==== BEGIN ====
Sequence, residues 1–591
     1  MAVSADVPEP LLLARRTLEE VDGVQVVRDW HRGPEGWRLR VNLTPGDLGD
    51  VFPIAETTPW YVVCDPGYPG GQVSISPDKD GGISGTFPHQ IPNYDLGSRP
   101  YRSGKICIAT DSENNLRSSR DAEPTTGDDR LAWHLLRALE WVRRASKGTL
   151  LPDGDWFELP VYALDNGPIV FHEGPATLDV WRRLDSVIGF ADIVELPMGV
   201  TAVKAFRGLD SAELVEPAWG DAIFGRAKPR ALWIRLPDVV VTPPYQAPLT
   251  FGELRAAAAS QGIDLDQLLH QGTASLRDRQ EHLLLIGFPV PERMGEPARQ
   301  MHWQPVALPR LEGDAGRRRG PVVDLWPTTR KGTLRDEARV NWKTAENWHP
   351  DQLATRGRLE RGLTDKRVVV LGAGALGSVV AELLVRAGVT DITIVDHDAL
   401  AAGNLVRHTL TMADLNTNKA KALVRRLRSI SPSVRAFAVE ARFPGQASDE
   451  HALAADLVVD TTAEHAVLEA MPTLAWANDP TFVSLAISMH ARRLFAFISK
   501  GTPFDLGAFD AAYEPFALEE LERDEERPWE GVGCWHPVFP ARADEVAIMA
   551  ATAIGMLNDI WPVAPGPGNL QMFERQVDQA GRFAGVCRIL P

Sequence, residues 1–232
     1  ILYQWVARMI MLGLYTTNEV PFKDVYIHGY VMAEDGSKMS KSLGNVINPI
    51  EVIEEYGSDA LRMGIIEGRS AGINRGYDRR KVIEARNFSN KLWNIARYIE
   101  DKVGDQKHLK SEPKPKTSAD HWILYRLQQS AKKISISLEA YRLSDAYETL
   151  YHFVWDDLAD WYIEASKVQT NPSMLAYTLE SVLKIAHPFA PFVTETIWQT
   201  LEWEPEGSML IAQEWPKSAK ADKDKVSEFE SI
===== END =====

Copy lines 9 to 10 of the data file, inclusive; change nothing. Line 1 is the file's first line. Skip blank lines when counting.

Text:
   351  DQLATRGRLE RGLTDKRVVV LGAGALGSVV AELLVRAGVT DITIVDHDAL
   401  AAGNLVRHTL TMADLNTNKA KALVRRLRSI SPSVRAFAVE ARFPGQASDE